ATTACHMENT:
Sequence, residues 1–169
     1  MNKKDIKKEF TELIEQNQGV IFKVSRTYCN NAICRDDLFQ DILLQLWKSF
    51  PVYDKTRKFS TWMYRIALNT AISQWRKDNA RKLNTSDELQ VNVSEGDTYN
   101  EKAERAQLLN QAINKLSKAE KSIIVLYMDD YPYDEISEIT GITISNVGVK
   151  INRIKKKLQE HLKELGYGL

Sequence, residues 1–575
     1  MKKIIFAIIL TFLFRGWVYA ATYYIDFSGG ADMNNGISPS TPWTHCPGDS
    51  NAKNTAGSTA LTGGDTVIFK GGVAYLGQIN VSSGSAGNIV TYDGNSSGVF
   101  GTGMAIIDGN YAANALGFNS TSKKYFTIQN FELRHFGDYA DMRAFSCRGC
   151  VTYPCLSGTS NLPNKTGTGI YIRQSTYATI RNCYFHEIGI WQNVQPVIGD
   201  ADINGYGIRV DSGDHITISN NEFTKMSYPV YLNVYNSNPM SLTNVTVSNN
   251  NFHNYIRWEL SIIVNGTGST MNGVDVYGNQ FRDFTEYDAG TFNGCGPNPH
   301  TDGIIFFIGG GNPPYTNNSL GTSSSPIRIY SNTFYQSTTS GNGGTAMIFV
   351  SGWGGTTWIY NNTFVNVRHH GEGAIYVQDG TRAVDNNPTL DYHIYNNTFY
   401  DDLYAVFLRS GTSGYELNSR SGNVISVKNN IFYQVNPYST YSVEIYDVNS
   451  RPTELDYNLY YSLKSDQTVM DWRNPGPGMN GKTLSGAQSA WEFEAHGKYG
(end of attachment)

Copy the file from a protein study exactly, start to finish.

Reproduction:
Sequence, residues 1–169
     1  MNKKDIKKEF TELIEQNQGV IFKVSRTYCN NAICRDDLFQ DILLQLWKSF
    51  PVYDKTRKFS TWMYRIALNT AISQWRKDNA RKLNTSDELQ VNVSEGDTYN
   101  EKAERAQLLN QAINKLSKAE KSIIVLYMDD YPYDEISEIT GITISNVGVK
   151  INRIKKKLQE HLKELGYGL

Sequence, residues 1–575
     1  MKKIIFAIIL TFLFRGWVYA ATYYIDFSGG ADMNNGISPS TPWTHCPGDS
    51  NAKNTAGSTA LTGGDTVIFK GGVAYLGQIN VSSGSAGNIV TYDGNSSGVF
   101  GTGMAIIDGN YAANALGFNS TSKKYFTIQN FELRHFGDYA DMRAFSCRGC
   151  VTYPCLSGTS NLPNKTGTGI YIRQSTYATI RNCYFHEIGI WQNVQPVIGD
   201  ADINGYGIRV DSGDHITISN NEFTKMSYPV YLNVYNSNPM SLTNVTVSNN
   251  NFHNYIRWEL SIIVNGTGST MNGVDVYGNQ FRDFTEYDAG TFNGCGPNPH
   301  TDGIIFFIGG GNPPYTNNSL GTSSSPIRIY SNTFYQSTTS GNGGTAMIFV
   351  SGWGGTTWIY NNTFVNVRHH GEGAIYVQDG TRAVDNNPTL DYHIYNNTFY
   401  DDLYAVFLRS GTSGYELNSR SGNVISVKNN IFYQVNPYST YSVEIYDVNS
   451  RPTELDYNLY YSLKSDQTVM DWRNPGPGMN GKTLSGAQSA WEFEAHGKYG